Creative choices in dark days: Anant Singh8 min read

Anant Singh at TEDx London Business School

Full text of South Africa’s pre-eminent film producer Anant Singh’s talk: Creative choices in dark days at TEDx London Business School conference. Anant Singh talks about his journey: creating films that speak out about difficult issues in South Africa and abroad to create social awareness.

Notable Quote from this talk:

“I think you just have to follow your dreams, follow your heart. And maybe lady luck will smile on you.”

Listen to MP3 Audio:

TRANSCRIPT:

Anant Singh – South Africa’s pre-eminent film producer

The Kaleidoscope is the first invention that showed multi-dimensional images and the change of these visuals that people were captivated by. So it’s a great theme to have as a filmmaker. And I’m going to give you a sort of kaleidoscopic view of how these films that I made, came into being.

Let me take you back to the sixties. Just five decades ago. It was five years before the Beatles started. And in 1964 Nelson Mandela and his colleagues were sent to prison for life. And what they were trying to do was to get freedom for us, the people of the black people of South Africa and a lot of that story.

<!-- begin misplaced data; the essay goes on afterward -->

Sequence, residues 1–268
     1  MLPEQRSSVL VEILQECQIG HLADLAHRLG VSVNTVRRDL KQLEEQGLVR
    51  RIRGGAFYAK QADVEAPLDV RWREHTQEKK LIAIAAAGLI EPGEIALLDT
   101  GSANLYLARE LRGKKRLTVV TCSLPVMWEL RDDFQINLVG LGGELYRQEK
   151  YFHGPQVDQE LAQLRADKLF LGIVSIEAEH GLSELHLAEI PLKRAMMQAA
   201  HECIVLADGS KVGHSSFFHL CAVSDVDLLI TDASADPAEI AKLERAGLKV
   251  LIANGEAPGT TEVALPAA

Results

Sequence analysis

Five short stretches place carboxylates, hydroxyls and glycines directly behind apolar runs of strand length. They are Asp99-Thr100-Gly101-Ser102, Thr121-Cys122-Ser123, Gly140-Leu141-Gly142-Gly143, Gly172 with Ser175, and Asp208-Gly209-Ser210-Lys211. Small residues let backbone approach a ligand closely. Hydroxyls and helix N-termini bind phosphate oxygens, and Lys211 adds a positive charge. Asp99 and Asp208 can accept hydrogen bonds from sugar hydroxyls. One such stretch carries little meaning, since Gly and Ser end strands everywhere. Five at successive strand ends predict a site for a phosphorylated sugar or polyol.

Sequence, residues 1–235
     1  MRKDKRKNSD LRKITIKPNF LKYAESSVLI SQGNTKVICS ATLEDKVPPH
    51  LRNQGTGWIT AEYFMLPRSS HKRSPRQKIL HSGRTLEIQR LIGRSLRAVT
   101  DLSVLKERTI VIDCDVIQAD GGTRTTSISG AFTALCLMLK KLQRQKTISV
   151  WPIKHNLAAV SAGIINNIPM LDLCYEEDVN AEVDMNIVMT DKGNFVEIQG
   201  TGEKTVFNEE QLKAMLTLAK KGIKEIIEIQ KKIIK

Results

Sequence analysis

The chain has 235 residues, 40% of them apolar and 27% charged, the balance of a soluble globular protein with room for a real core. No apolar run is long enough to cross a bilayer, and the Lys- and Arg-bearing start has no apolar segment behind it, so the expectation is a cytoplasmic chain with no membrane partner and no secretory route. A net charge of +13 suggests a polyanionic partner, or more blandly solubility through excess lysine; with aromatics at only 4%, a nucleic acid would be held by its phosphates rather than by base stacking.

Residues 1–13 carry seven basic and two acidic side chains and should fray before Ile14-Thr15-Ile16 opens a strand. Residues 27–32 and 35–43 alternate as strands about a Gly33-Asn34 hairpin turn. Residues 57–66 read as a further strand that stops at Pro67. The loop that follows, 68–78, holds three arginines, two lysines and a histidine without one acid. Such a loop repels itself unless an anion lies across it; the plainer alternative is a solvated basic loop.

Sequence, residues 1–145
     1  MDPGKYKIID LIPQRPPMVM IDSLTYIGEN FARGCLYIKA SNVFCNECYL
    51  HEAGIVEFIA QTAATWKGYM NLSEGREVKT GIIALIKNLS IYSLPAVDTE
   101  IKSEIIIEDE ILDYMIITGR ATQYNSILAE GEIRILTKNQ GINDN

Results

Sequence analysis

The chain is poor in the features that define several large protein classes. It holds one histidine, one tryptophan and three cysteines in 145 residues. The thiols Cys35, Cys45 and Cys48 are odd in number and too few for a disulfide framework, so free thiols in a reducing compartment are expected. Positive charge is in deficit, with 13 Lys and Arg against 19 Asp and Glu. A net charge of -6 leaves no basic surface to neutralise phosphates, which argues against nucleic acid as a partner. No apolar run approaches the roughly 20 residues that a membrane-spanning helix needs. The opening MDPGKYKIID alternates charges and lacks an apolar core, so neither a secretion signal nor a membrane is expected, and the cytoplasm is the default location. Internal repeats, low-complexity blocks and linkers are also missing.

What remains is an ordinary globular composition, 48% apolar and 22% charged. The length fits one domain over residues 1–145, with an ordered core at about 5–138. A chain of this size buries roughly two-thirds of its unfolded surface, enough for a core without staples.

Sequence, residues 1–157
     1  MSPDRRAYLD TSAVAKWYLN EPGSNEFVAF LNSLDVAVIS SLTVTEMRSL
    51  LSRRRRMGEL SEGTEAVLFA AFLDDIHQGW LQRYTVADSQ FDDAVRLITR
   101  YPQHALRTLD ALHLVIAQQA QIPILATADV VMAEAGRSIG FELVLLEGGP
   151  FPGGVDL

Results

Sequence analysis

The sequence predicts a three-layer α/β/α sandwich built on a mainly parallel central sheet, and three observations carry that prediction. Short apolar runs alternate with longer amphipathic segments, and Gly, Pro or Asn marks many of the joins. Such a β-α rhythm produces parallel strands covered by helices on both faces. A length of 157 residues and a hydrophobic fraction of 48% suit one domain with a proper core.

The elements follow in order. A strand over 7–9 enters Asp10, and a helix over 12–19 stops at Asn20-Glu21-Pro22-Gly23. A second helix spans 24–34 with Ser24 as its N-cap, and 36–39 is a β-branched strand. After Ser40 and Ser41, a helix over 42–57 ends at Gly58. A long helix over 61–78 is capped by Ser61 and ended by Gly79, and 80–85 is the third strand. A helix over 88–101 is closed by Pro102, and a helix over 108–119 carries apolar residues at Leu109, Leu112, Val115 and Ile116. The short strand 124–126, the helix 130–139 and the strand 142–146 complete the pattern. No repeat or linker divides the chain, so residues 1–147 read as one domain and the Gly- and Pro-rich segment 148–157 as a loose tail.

Life in South Africa during those days where it was very bleak for people of color. It was a totally segregated society and it was all totally legal. 

There was no television. Racism operated on every level: on the beaches, restaurants, cinemas, where you lived. As I was growing up as an eight-year-old, you go to a park and those were segregated. The benches were segregated and you kind of think, ‘well, what is this all about?’ And you start being curious and asking questions.

Not only was this racism and trenched in our country, the government went further. They segregated amongst those race groups. So colored Indian and African all had different rules, different beaches, different schools.

So it was quite a shock as I grew up to get to know that nobody in the world was doing anything about it.  It was normal. The government had rules and enforcement and very very vicious enforcement. And some of the films that I’ve made later in the years dealt with some of that.

I grew up in a very modest home in an extended family, all living together. It was a very basic house and it had outdoor ablution facilities. So it gives you an example of those days.

And through those days, all the way through 1976, South Africa had no television. The apartheid government at the time felt that television will enlighten the black community and that they would learn ideas that they shouldn’t.

So the only home entertainment at the time was watching eight millimeter silent movies on a wall. And those were the first images that I came across and captivated me- Charlie Chaplin, Buster Keaton, Laurel and Hardy. And it was the magic of cinema in a truly transforming experience.